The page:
People have been eating walnuts for thousands of years, with reports of growing walnut trees dating as far back as the Roman empire. Researchers from the University of Oslo in Norway found that walnuts contain more antioxidants than 1,111 other foods tested, second only to blackberries. Antioxidants play an important role in our bodies by fighting molecules called free radicals, which if left to their own devices can accelerate signs of aging and cardiovascular disease. In order to maintain the highest level of freshness, walnuts should be kept in the refrigerator. Walnuts can be added, along with blueberries, to Greek yogurt for a nutritious and fast breakfast. They can be added to a smoothie because they have a neutral flavor and won't settle to the bottom of your blender like almonds.

Omega-3 Eggs

Omega-3 eggs are the nutritionally-upgraded versions of the eggs you usually eat. By feeding chickens omega-3-rich food, the eggs they lay contain more omega-3s. One omega-3 egg can contain 150 milligrams of the omega-3 fat DHA, the long chain omega-3 fat that is essential for optimal brain function. Omega-3 eggs are found next to regular eggs, but look for the omega-3 label. Free-range or cage-free eggs are not necessarily omega-3-enriched eggs. Try scrambling two or three omega-3 eggs with a bit of reduced-fat cheddar cheese, half a diced tomato and one chopped scallion. Serve the egg mixture on a sprouted-grain English muffin for a fast, portable and nutrition-packed breakfast.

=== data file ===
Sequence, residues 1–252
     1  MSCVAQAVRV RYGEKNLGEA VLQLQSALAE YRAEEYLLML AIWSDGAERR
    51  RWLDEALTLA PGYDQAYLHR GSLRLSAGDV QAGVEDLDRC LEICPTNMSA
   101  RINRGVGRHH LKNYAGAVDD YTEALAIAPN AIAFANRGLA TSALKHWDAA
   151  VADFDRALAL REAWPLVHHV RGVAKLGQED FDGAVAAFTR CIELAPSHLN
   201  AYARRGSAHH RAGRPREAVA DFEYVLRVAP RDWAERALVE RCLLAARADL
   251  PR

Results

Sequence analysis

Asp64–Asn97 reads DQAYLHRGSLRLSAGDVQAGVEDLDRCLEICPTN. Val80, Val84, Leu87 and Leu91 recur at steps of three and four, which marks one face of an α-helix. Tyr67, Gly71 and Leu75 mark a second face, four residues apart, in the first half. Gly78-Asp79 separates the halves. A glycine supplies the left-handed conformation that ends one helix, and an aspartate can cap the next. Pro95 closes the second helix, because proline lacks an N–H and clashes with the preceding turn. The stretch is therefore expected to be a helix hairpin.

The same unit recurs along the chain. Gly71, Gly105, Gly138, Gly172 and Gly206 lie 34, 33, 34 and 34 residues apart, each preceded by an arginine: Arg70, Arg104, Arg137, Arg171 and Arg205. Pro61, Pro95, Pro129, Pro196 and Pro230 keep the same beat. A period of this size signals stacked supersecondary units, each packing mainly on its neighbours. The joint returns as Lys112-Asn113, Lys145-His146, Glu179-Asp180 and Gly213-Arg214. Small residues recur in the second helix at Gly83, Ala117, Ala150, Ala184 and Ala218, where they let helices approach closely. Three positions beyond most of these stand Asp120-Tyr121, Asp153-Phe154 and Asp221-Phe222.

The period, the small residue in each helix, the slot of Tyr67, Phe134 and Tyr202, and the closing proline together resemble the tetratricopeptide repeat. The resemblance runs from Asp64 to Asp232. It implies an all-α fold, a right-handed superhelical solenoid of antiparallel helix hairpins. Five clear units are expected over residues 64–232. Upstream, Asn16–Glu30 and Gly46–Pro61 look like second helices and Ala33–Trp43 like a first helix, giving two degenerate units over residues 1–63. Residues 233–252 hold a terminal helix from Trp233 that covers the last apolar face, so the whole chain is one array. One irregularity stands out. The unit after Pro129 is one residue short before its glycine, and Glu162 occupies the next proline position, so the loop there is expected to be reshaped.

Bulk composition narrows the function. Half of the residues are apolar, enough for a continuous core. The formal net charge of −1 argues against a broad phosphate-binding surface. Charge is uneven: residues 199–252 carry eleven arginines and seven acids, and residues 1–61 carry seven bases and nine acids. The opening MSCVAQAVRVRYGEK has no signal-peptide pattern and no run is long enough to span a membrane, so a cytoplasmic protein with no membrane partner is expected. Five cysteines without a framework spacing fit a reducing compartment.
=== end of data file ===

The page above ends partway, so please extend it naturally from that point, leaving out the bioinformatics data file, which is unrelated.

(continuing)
Build Muscle and Burn Fat With These 20 super Foods

 1. Whole Eggs. Cheap & rich source of protein: 7g/egg. The yolk contains most nutrients: half the protein, vitamins A/D/E and cholesterol to naturally increase your testosterone levels.
Don’t worry about cholesterol in eggs. Dietary cholesterol isn’t bound to blood cholesterol. If you have bad cholesterol, lower your body fat rather than throwing the yolk away.

2. Fish Oil. Reduces inflammation (joints/skin), lowers body fat and increases testosterone levels. You need 9000mg EPA/DHA per day. Since you’ll probably struggle to get that from eating fatty fish, consider a fish oil supplement.